Amazing Turbine-Rocket to Explore Outer Space (Dec, 1931)

Amazing Turbine-Rocket to Explore Outer Space

By Lew Holt

Prof. R. H. Goddard, famous rocket experimenter, has just patented a remarkable turbine-rocket which makes the age-old dream of traveling in space mechanically possible. Details of this astonishing invention and of other experiments which pave the way for regular lines of ships traveling through the earth’s stratosphere at 1000 miles an hour are presented in this absorbing article.

DOWN in a secluded section of New Mexico a scientist who has for years been experimenting with rockets has succeeded in devising a mechanism combining the principles of the rocket and the turbine, giving the world an entirely new vehicle of transportation capable of traveling hundreds of miles above the earth’s surface— and perhaps, some day, of making a trip to the moon or nearby planets.

Queer Facts about Star Gazers (Jul, 1936)

Queer Facts about Star Gazers

HAVE you ever seen a picture of a square star? Why do astronomers live longer every year than anyone else? Would you believe it is impossible to look through the world’s largest telescope? Do you know astronomers don’t always point their telescopes at the stars they really want to observe?

There are no square stars, of course, although the scientists make photographs that show them as squares. They do it with a special camera equipped with a traveling back that moves up and down so the rays from separate stars are recorded as square patches on the film. This makes it easier to measure their comparative brilliance.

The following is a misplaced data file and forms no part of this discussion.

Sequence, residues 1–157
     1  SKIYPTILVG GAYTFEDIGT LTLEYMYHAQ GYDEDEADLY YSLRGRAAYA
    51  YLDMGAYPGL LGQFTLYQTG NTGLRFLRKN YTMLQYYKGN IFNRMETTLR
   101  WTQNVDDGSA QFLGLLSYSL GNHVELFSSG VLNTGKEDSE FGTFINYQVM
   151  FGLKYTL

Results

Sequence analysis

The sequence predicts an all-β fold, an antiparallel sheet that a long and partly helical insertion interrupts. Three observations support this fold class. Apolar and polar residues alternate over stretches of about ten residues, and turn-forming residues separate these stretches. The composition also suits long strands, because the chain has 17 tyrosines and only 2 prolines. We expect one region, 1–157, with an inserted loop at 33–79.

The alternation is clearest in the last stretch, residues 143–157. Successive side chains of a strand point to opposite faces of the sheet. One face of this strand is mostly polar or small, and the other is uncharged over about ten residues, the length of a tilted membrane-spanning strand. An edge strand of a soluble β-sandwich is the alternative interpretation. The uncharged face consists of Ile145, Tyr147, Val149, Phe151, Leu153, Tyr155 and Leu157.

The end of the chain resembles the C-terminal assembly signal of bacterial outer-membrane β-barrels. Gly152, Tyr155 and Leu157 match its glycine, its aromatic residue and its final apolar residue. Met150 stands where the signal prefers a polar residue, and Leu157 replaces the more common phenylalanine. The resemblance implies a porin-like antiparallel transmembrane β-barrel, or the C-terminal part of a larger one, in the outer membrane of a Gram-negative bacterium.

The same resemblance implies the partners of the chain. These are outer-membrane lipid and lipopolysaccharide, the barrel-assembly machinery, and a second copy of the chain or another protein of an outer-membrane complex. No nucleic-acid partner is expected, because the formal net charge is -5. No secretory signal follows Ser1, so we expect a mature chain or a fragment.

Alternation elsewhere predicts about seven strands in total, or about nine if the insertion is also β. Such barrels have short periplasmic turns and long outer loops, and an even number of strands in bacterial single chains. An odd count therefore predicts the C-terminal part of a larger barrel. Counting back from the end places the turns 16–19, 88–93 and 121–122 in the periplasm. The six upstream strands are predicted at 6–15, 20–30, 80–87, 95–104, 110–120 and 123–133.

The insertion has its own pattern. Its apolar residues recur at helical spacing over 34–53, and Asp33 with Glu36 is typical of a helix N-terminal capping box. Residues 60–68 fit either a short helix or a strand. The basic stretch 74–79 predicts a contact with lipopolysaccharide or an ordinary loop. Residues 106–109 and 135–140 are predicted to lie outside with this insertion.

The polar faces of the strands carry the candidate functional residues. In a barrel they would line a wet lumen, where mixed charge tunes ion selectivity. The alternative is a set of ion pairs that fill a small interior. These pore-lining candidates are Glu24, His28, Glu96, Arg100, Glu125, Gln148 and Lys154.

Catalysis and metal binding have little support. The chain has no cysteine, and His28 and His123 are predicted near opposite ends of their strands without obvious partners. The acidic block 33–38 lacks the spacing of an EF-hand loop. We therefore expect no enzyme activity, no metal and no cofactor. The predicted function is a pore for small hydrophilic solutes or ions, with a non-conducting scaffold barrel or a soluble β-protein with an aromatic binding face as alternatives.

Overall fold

Blast of Giant Atom Created Our Universe (Dec, 1932)

This is a pretty amazing article. It’s a concise summary of the big bang theory published only 3 years after Edwin Hubble made his famous observations about the redshifts of distant galaxies. Yet it’s pretty much identical to one you’d see today. Only a few details like the size of the initial “atom” and the age of the universe seem off. Keep in mind it took another 35 years or so before the scientific community came to accept that the big bang really happened.

Blast of Giant Atom Created Our Universe

By Donald H. Menzel
Harvard Observatory

OUT of a single, bursting atom came all the suns and planets of our universe!

That is the sensational theory advanced by the famous Abbe G. Lemaitre, Belgian mathematician. It has aroused the interest of astronomers throughout the world because, startling as the hypothesis is, it explains many observed and puzzling facts.

According to Lemaitre’s theory, all the matter in the universe was once packed within a single, gigantic atom, which, until ten thousand millions years ago, lay dormant. Then, like a sky-rocket touched off on the Fourth of July after having remained quietly for months on a store shelf, the atom burst, its far-flung fragments forming the stars of which our universe is built.